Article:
Veteran In Need He is doing the most mundane thing - hailing a car but the backdrop of the baby blue sky, the waving flags, and his uniform makes the act seem more ceremonial. Instead, it looks like he is standing in the middle of the street signaling attention from not just the cab driver, but from us as well. Us waiting to cross the street, us driving by, and us who pledge allegiance to the stars and stripes in honor of the work done by men like him.
He is not young, his graying temples and faded uniform are a telltale sign. His uniform is representative of America’s military prowess, the sign in the distance behind him is advertising America’s Favorite Boat Ride and Lady Liberty, and I wonder which symbol of America gets more attention, respect and money? The Veteran Administration’s healthcare
system is grossly underfunded and mismanaged so that soldiers returning from harrowing experiences overseas often bear the brunt of limited access to mental health resources. In this moment, I wonder if anyone of us, whose attention he’s trying to get, are going to stop and look at him.
The air is crisp and almost so sharp that when you inhale it cuts you. The piercing blue of the sky is deceitful because it promises a nice day, but it also confirms your fears that the air is more frosty that warm. Inviting and open is representative of what a park is, or rather should be. Which is why having a pool that no one can use and rusted locks that keep it permanently closed to the community is an
oxymoron. Parks are intended as spaces where people can commune intentionally or spontaneously. In a city like New York where most of your interactions with people are not of your own volition, parks are a conscious choice. They democratize a shared space and make it more accessible. Iâ€™ve had moments where it felt like the air in my own home was not enough and I needed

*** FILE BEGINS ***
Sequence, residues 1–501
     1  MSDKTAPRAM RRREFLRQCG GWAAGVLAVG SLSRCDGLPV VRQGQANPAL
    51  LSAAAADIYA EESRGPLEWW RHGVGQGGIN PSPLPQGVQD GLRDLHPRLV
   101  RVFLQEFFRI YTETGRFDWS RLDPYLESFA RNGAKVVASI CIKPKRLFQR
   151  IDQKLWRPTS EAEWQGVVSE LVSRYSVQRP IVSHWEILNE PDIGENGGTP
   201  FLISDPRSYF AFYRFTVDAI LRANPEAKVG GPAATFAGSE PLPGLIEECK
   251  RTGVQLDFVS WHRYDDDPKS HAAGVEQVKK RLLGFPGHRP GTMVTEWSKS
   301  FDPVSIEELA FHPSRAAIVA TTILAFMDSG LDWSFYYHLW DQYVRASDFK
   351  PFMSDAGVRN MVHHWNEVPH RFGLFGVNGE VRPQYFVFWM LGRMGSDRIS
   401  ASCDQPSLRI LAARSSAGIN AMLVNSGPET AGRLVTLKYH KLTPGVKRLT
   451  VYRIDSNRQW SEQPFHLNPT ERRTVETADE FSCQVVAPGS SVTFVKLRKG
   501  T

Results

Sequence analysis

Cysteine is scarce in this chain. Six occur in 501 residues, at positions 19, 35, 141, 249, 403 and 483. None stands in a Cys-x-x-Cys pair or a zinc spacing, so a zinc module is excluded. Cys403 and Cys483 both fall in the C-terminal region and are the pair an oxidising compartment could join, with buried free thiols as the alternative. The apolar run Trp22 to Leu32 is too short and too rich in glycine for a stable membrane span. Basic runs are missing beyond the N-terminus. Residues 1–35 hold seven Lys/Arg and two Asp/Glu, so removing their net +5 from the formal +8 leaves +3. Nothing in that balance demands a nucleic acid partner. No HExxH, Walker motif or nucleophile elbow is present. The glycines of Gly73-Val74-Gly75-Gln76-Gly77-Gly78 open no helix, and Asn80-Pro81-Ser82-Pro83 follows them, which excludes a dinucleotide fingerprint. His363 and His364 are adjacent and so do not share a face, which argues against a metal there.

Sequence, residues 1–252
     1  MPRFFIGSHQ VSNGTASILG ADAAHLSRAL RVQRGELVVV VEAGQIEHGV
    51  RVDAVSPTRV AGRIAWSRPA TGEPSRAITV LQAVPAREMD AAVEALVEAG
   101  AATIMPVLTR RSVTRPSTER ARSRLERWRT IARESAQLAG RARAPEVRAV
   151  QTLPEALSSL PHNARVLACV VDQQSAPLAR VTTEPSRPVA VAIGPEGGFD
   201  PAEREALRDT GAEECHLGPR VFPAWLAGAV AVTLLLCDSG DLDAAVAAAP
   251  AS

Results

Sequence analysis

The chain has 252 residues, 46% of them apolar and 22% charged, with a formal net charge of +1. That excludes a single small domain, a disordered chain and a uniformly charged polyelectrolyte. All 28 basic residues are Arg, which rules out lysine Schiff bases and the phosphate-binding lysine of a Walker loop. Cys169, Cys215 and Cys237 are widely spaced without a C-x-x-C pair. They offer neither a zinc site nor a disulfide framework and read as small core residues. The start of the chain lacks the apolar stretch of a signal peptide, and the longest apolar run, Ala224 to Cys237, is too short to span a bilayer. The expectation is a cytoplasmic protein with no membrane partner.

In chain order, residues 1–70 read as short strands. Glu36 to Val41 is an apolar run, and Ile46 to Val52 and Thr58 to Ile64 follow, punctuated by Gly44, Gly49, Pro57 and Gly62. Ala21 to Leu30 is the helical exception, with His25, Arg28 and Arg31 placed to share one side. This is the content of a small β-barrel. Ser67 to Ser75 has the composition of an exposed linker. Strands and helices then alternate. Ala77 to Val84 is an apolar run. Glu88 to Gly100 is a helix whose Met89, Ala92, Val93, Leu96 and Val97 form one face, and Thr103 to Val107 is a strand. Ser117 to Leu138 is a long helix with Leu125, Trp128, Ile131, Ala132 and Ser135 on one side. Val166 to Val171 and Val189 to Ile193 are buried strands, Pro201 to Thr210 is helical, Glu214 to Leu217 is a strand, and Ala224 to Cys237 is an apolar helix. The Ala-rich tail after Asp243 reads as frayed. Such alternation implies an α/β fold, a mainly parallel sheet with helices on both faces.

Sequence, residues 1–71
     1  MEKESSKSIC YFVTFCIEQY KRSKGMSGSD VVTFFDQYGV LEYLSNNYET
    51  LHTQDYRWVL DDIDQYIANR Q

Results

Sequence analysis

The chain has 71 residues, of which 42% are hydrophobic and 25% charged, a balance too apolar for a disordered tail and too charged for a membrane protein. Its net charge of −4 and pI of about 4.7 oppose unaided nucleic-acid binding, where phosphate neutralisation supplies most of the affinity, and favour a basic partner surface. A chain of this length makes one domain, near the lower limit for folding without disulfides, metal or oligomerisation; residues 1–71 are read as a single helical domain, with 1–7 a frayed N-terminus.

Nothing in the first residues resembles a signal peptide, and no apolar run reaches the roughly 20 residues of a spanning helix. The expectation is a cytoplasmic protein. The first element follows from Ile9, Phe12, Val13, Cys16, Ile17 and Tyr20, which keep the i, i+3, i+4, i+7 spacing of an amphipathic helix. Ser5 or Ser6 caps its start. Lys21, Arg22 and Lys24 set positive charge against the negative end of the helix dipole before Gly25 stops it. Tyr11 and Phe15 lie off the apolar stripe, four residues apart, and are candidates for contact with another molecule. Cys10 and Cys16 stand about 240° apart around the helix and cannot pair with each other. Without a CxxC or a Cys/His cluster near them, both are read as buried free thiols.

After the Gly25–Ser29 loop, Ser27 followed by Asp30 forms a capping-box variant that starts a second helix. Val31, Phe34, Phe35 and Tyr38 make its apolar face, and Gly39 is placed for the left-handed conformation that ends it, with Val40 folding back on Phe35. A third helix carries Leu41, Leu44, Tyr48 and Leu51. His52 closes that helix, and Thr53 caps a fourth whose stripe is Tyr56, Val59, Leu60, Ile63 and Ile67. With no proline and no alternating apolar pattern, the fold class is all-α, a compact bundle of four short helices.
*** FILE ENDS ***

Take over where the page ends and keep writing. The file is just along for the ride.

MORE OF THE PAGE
to go outside to see and breathe side by side with strangers and to remind myself of the presence of others. In those moments, I went to parks and the mossy greens, bare trees and fresh air allowed me to feel close to people I didnâ€™t even know. I often think about parks as a small but essential tool in the arsenal of mental health resources. Their presence is invaluable.
Jackie Robinson Park
I don’t remember what car it was, but I do remember that it was the A train. I only ride the A train because it zips through Columbus Circle and all way to 125th. Not all the time though, only when the MTA’s personal schedule aligns with yours. The train runs as far as the Northern tip of Manhattan to New York’s most populated borough, Queens. I wonder what this lone rider’s stop was? Like me, he sat back as the train crawled up into Manhattan, into the heights - Hamilton and then Washington. Was his stop one of those? Where was he coming from? I’d like to think that he was returning from a night class at CUNY with his backpack in tow. Criminal justice, maybe? Or it might have been a late shift. His hands look soft, not marred by the outdoor toil that’s known to breed calluses. Wherever he’s going, I’m going too. Not really, but kind of. Across from him I am a fellow passenger, the billboard advertising a hip new type of pharmacy is talking to us, both New Yorkers.
Where is He Going?
I don’t think I’ve ever stared at anything that hard, or at least I do not anymore. To her credit, she doesn’t look surprised or even slightly shocked. It looks like the face of recognition you make for five seconds before you realize that this seemingly crazy thing you are looking at is not surprising to anyone else, because everyone in this city is mad. Before, when I did make faces like that, I would turn and see that no one else was even close to being as shocked as I was. So I stopped. And I think if we had waited a little longer to see, we would have noticed that she might have stopped too. We probably would have seen this woman’s arched eyebrows slowly relax, her parted lips close, and her head turn, but not before she shook it slightly to signal her confusion. That has to be what happened, because if not, who else would be able to commiserate with her?